It was 50 years ago this month that The Beatles were photographed on the zebra crossing on Abbey Road. Deborah Levy’s new novel opens in September 1988, when Saul Adler tries to cross that same zebra crossing. In July 2016, he tries again. It is possible he gets hit by a car both times. Fitting together exactly what you’ve seen isn’t always easy in this greased Rubik's cube of a book.
The Man Who Saw Everything looks at the power of a photograph to capture a moment in time, or to capture a person. It’s about how we see – or fail to see – ourselves and others, with eyes and camera lenses and state surveillance. It’s also about how we “see” the past alongside – or rather, in among – our present. The opposite, really, of a photograph, which fixes a single instant in time.
In 1988, in the first half of Levy’s novel, the 28-year-old Saul – our narrator, a beautiful historian with piercing blue eyes – continues, bleeding, to visit his photographer girlfriend Jennifer Moreau, who’s forbidden him from describing her own beauty. Both lost their mothers when they were young (just like John Lennon and Paul McCartney). We hear that Jennifer likes the opening line of The Communist Manifesto, about communism as a “spectre haunting Europe”, and that she thinks there’s a spectre inside every photograph too. Both ideas certainly go on to haunt the book.
Saul’s father has recently also died. He was a Socialist, who wanted his ashes buried in the GDR, and he was cruel to his pearl-wearing, academic, bisexual son. Saul is writing a paper linking the tyranny of fathers with the tyranny of dictators; Stalin was both bullied by his father, and bullied his children.
Saul and Jennifer have sex, Saul proposes, and Jennifer dumps him, accusing him of taking too little interest in her art. Saul pays less attention to her intentions than her subject – which is him. He is, he believes, her muse.
Licking his wounds, Saul goes on a research trip to the GDR. He forgets to take a tin of promised pineapple; the family he stays with in Berlin turn out to be distraught by this act of thoughtlessness, which in its own way motors a series of life-changing events.
Saul’s translator is the confident, vital Walter Müller. And Walter can’t stop looking at Saul – both as a man he’s falling in love with, and as a spy, an agent of his authoritarian fatherland. Meanwhile Walter’s sister, Luna – a highly-strung dancer who loves the Beatles and is desperate to escape – makes her own advances on Saul.
All of which – even as a bald plot summary – sounds ripe and rich, right? And it is: Levy, twice shortlisted for the Booker for Swimming Home and Hot Milk, is writing with gorgeous, juicy assurance here. It’s stylish: written with a speedy, vivid economy, her characters’ eccentricities leaping off the page. It’s funny: Saul’s narcissistic narration is full of deadpan details of youthful pretentiousness, social awkwardness. It’s sexy: Levy writes keenly about layered attraction and resentment, how her characters bestow and withdraw gifts of sex and affection. And it’s political: the novel exposes the hypocrisies that accompany rigid ideology, but also questions how an individual can live with integrity if they only live for themselves.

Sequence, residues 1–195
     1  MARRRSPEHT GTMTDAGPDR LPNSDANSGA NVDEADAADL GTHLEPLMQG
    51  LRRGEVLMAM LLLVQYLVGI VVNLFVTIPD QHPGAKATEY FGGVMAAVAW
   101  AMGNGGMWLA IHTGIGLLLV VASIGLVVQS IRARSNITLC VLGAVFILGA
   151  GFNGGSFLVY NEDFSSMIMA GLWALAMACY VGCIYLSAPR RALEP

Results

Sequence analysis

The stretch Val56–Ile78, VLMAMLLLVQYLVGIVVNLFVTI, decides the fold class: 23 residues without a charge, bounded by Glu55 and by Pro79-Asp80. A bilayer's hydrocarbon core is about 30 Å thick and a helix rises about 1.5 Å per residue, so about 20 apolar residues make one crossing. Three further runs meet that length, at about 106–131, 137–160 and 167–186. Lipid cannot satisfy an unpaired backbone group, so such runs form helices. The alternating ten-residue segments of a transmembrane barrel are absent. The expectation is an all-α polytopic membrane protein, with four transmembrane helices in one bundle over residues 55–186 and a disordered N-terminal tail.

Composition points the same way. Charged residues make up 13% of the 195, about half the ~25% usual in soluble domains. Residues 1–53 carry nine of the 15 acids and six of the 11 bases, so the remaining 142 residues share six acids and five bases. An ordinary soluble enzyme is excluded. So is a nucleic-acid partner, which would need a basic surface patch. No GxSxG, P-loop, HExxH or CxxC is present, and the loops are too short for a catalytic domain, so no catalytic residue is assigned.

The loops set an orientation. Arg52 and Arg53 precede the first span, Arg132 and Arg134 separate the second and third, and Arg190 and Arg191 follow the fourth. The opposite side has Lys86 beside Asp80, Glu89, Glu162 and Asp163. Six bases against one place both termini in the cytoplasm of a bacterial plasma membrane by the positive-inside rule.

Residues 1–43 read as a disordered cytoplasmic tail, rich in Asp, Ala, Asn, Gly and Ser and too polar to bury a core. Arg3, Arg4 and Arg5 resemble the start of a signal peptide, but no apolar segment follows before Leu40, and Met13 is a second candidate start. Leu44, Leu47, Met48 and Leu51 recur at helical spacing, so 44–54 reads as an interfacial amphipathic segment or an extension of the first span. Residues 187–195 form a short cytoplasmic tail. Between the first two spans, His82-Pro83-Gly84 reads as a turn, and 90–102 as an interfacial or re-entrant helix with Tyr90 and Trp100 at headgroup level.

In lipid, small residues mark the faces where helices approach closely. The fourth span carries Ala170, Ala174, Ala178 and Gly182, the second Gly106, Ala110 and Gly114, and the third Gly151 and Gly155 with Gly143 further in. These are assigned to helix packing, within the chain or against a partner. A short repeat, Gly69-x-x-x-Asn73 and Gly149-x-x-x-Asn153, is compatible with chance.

There’s also all sorts of other stuff going on in the first half however, stuff that it’s basically impossible to get a handle on. Strange interjections. Unexplained names. Saul somehow knows exactly when the Berlin Wall will fall. Images “from another geography, another time” interrupt.
It’s also impossible to review the rest of the book without spoilers, so fair warning. But if the first half can feel like a puzzle you’re getting nowhere with, initially I was disappointed with the solution: Saul’s been in a bad accident on Abbey Road, and the second half takes place in hospital. Blame morphine; blame injury. His past is not only muddled up in his present in 2016, but we realise that the first half was his memory of 1988, as corrupted by the present. His spectres working overtime.
Sunflowers and jaguars and a toy train appear across both halves, in different contexts. A Stasi agent in 1988 turns into a benign nurse in 2016. It’s perilously close to “he woke up and it was all a dream”. Or it would be if Levy’s writing wasn’t so damn good, if her constantly turn-over-able narrative didn’t keep developing to the last. And with it, so develops the reader’s image of Saul Adler.
It’s only towards the end of The Man Who Saw Everything, when many different memories come clearly into view, that we see all of his carelessness and selfishness, and all the ways his careless and selfish choices have impacted on other people. It is only when we see Saul through the eyes of others – through a different lens, if you like – that we finally see everything.
The Man Who Saw Everything is published by Hamish Hamilton, £14.99